Speaking of Gutenberg

January 10, 2012

One of the reasons I blog is for “Knowledge Retention.” I want to be sure that the stuff I know and take for granted makes the cut into the electronic realm.

In 5o years or so (the apparent limit of paper’s routine usefulness in my experience) the out of print books with the stuff that I practice will be pretty much lost.

These won't be kept around as "useful."

We think we are living in an information age. Actually, the books that those of us over 50 learned from will be mostly lost, and we will be considered by history to have lived in the last “Dark Age.”

So my blogging is my “Project Gutenberg” for Metallurgy, Machining, Management and this Moment in time in our Market.

What knowledge do you (your people) have that will be lost when you (they) leave? What is your plan for assuring it is not lost?

Disney had a plan. Jobs had a plan.

What’s your plan?

Mine is speakingofprecision.

Advertisements

What Does A Molecule Look Like?

October 8, 2009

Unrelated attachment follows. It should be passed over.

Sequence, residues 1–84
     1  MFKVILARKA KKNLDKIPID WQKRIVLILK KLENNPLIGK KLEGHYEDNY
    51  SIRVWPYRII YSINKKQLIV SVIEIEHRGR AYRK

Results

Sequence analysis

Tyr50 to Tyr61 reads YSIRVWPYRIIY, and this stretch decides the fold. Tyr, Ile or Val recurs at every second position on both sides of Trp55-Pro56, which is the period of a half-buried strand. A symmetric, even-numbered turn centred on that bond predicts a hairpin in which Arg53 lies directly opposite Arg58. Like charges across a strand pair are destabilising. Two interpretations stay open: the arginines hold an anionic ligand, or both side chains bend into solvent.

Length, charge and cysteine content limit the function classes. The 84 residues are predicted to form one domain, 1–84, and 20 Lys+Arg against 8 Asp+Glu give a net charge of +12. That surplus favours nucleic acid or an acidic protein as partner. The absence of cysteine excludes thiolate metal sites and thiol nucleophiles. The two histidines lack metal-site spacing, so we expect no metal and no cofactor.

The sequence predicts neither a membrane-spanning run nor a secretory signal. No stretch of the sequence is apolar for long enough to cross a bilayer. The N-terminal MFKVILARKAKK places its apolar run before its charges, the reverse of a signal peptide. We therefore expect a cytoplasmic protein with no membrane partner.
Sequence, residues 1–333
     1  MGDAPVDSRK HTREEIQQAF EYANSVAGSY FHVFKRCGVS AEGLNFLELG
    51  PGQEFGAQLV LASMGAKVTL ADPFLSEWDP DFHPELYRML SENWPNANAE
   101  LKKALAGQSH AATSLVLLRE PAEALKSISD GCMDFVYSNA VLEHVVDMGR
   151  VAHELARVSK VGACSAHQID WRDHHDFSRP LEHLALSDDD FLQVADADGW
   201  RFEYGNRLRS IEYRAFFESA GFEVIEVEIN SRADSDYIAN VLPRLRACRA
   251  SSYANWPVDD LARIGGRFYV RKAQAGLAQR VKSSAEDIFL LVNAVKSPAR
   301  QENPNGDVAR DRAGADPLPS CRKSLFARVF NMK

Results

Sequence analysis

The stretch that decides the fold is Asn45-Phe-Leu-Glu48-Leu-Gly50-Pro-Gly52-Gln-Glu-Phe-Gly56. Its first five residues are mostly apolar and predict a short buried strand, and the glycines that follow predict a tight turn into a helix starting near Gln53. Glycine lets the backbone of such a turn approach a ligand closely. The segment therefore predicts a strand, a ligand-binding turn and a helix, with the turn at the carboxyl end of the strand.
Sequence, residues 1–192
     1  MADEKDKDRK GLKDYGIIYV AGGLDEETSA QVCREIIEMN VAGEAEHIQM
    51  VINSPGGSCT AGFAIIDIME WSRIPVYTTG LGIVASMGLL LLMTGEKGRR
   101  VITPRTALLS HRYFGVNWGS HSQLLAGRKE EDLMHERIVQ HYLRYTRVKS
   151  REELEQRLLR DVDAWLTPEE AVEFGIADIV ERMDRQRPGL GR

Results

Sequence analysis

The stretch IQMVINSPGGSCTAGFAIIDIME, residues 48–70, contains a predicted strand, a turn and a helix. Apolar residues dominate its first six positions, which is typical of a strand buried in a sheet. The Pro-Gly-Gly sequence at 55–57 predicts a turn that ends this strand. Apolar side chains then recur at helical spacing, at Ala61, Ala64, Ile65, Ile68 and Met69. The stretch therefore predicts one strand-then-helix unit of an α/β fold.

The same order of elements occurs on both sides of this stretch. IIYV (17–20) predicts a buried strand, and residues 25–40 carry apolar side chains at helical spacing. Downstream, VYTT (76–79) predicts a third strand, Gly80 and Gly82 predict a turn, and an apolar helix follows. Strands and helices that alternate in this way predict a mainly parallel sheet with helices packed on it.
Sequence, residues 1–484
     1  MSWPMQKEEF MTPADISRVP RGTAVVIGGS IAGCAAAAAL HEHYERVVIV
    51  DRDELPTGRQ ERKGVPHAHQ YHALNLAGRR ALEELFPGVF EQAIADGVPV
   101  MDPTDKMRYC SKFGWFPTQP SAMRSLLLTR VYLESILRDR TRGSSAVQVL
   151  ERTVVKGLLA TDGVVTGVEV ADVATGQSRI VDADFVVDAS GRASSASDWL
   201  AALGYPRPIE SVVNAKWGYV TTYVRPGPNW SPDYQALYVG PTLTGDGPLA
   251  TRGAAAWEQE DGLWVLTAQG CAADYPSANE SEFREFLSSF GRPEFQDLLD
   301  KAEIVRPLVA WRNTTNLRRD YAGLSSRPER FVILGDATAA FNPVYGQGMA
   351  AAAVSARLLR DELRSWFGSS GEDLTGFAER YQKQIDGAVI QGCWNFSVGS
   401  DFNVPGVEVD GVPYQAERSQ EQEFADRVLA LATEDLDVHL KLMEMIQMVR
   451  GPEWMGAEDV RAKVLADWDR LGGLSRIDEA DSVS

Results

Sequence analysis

As machinists, we are used to handling materials in the bulk world.

As machinists, our ease in obtaining productivity is influenced by the microscopic world of phases, microstructures, and chemistry.

Underneath this microscopic world lies the world of molecules  and atoms themselves.

This is the chemical formula for pentacene. It is used in organic thin film transistors.

Pentacene_png

 

 

 

Recently researchers from IBM research team in Zurich used an atomic force microscope to capture an image of a single molecule of this substance.

Compare to the structure above.

Compare to the structure above.

This image of a single molecule shows the five rings of six carbon atoms and suggests the hydrogen bonds along the edges.

The precision needed to resolve at this atomic level requires both extremely high vacuum and frighteningly cryogenic temperatures. And you thought you had temperature control issues in your metrology lab.

Our industry will not be at this atomic-level nanoscale any time soon, at least not for our production processes.

We hope this glimpse of what makes up our material world from the frontiers of science gives you a better appreciation for the work of all the chemists, metallurgists and engineers in the supply chain that produce our raw materials, tools, and metalworking fluids. For all of history, scientists have struggled to  make sense of their observations, develop theory, structure and formulas that made sense. This IBM image confirms that we’re on the right track.

Full story care of BBC .

 

 

 

Share